29 posted on 06/06/2008 3:45:37 PM PDT by Maverick68 (w)
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To: jeffc
70,000 exorcisms? If he started when he was 12, that would be almost 3 a day, every day of the year, for 70 years.

Those are the ones he 'treated'...Most were cured by a philosopher or something...So in reality, he had over 200,000 patients...

30 posted on 06/06/2008 4:19:08 PM PDT by Iscool
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To: MEGoody
This guy believes a human being can cast a spell on another human? Like in witchcraft? Um, okay.

To the educated, like you, me and many others, such a notion must seem preposterous. I used to laugh at such a suggestion .... until I witnessed it personally. Even now, whenever I read something like that, I begin to laugh then stop as I recall what happened to a co-worker many years ago. Preposterous? Absolutely not!

31 posted on 06/06/2008 4:35:27 PM PDT by NYer (Ignorance of scripture is ignorance of Christ." - St. Jerome)
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To: All

**“The devil loves to take over business leaders and those who hold political office. Hitler and Stalin were possessed. **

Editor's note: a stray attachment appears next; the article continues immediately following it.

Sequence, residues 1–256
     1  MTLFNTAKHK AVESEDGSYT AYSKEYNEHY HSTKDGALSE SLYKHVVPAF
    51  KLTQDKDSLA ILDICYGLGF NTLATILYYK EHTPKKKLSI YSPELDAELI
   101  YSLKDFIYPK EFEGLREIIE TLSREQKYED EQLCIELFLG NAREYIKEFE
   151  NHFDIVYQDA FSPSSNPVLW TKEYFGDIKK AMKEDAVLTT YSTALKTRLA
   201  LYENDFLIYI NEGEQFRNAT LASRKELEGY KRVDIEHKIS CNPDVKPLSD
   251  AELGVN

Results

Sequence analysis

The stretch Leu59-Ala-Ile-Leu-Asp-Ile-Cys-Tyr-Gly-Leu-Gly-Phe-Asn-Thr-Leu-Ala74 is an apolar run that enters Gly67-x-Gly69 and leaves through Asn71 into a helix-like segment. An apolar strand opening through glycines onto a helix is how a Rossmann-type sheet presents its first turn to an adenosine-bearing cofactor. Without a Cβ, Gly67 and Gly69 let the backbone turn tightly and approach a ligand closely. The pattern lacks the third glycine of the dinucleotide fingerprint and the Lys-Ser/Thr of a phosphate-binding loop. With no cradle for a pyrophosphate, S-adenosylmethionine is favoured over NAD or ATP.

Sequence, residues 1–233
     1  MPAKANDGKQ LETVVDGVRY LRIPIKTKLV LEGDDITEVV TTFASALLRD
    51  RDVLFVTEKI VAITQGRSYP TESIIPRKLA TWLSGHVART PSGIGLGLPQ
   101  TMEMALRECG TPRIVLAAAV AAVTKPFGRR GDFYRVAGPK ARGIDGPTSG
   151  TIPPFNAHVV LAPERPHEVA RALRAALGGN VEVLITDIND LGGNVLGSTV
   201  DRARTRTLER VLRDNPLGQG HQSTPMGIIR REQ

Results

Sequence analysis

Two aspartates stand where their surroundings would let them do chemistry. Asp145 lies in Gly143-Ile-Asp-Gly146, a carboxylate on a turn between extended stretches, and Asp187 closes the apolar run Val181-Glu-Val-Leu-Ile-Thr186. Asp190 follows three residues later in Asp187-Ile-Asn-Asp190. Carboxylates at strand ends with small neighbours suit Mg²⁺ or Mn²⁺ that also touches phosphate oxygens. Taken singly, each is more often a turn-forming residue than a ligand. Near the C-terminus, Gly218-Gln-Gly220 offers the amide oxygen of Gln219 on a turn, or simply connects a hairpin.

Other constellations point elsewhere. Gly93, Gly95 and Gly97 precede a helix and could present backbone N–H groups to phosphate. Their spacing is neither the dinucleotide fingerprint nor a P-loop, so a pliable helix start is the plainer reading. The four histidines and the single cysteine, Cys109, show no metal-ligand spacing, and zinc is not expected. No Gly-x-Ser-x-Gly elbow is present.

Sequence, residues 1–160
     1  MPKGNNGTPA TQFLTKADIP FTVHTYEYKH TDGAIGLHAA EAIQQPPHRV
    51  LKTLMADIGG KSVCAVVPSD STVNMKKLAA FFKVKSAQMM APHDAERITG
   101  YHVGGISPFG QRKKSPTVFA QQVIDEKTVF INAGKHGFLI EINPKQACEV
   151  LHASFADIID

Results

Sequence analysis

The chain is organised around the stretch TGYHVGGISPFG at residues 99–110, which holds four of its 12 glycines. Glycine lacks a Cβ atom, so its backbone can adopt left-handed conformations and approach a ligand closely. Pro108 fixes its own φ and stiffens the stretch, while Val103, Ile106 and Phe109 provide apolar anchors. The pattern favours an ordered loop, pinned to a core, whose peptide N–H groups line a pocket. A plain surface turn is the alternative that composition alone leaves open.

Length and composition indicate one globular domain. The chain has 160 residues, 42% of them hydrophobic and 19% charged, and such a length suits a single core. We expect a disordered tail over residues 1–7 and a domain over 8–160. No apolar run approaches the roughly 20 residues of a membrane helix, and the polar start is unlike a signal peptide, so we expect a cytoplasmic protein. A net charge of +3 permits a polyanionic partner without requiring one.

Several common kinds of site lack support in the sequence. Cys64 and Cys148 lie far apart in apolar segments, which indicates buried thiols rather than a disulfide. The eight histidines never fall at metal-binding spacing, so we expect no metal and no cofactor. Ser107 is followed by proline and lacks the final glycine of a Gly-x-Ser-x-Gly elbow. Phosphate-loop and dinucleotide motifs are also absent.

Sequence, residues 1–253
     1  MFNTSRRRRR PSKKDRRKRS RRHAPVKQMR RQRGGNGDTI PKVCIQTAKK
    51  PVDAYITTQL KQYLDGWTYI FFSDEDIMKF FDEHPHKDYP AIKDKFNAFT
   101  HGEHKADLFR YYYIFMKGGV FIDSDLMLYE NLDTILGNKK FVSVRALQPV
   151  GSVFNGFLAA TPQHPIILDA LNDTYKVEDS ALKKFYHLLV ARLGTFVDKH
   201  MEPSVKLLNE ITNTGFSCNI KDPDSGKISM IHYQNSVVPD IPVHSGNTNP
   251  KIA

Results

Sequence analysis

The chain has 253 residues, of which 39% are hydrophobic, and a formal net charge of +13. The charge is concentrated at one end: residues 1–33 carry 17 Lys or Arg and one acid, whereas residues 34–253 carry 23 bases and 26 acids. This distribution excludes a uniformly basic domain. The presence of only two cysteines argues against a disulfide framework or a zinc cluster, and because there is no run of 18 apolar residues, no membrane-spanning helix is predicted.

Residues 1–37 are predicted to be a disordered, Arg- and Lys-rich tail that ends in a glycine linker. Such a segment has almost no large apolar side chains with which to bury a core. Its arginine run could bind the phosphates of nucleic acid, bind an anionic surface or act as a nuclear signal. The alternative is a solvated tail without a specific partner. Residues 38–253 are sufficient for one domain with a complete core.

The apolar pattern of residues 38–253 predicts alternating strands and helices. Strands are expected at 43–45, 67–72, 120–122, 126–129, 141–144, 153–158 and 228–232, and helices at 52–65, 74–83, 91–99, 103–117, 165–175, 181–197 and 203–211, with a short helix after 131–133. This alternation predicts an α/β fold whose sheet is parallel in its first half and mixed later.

And Obama?

32 posted on 06/06/2008 4:37:45 PM PDT by Salvation (†With God all things are possible.†)
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To: Joe 6-pack

Malachi Martin was reported to be the exorcist in the real case the movie was based on.

33 posted on 06/06/2008 5:13:43 PM PDT by Domestic Church (AMDG...)
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To: Salvation
**“The devil loves to take over business leaders and those who hold political office. Hitler and Stalin were possessed. **

And Obama?

I am not surprised by any example: Past, present, or future.

Luke 4:5-6

Then the devil led [Jesus] up and showed him in an instant all the kingdoms of the world. And the devil said to him, “to you I will give their glory and all this authority, for it has been given over to me, and I give it to anyone I please."

34 posted on 06/06/2008 6:20:23 PM PDT by lightman (Waiting for Godot and searching for Avignon)
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To: trisham

Malachi Martin speaking about exorcisms:

The Kingdom of Darkness...

35 posted on 06/06/2008 7:08:00 PM PDT by chase19
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To: Joe 6-pack
In hindsight I found it appealing to an audience.I would never recommend it. A waste of time.There is no proof that he was ever an exorcist and the chief exorcist of New York says no.
36 posted on 06/06/2008 9:56:35 PM PDT by fatima (Pray.for Jim,founder of this forum.)
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To: NYer
I don't believe in spells.
37 posted on 06/06/2008 9:58:24 PM PDT by fatima (Pray.for Jim,founder of this forum.)
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To: fatima

The bad Guy and as Sister says he can go to hell.
When The Demons Strike Back: Experience Of An Exorcist After An Exorcism

By Fr. Tom Euteneuer